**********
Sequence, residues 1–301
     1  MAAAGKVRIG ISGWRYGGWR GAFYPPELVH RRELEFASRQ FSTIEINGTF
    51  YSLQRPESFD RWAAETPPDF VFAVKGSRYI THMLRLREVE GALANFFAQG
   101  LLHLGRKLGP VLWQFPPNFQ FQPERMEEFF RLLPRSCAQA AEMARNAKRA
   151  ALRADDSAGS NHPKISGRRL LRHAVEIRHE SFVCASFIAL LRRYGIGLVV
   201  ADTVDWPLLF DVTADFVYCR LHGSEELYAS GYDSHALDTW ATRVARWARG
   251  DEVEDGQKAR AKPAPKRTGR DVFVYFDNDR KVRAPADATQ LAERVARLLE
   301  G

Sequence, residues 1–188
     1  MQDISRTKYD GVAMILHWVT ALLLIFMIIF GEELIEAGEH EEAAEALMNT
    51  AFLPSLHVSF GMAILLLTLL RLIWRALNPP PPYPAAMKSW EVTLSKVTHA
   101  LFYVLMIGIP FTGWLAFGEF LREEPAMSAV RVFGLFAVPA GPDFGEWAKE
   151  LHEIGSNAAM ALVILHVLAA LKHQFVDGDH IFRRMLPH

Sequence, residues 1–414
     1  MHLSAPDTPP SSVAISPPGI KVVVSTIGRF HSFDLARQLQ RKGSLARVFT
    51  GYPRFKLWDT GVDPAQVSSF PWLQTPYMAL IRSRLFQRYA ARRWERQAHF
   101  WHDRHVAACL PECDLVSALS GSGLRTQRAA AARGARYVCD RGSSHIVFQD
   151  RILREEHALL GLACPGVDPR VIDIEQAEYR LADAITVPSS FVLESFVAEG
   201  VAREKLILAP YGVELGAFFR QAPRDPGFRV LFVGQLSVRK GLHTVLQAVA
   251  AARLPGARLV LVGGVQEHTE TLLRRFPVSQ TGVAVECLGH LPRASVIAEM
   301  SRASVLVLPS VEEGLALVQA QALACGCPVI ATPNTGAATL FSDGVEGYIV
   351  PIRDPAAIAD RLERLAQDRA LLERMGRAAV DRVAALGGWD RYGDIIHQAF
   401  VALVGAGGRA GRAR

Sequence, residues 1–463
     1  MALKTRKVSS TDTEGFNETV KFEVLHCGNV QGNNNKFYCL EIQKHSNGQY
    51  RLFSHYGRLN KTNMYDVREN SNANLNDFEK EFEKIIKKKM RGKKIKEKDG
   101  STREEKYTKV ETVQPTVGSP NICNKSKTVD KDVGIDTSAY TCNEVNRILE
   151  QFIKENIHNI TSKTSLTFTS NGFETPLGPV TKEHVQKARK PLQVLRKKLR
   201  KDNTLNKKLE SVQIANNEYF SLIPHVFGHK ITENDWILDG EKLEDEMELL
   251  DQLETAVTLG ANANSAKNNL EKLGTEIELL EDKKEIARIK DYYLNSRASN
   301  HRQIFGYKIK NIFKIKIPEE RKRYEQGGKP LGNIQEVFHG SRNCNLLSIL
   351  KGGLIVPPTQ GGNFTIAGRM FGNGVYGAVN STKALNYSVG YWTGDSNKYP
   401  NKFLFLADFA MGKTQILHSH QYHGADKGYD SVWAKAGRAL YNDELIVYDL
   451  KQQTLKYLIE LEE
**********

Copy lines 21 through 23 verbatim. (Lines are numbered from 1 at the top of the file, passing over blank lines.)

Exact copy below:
   301  SRASVLVLPS VEEGLALVQA QALACGCPVI ATPNTGAATL FSDGVEGYIV
   351  PIRDPAAIAD RLERLAQDRA LLERMGRAAV DRVAALGGWD RYGDIIHQAF
   401  VALVGAGGRA GRAR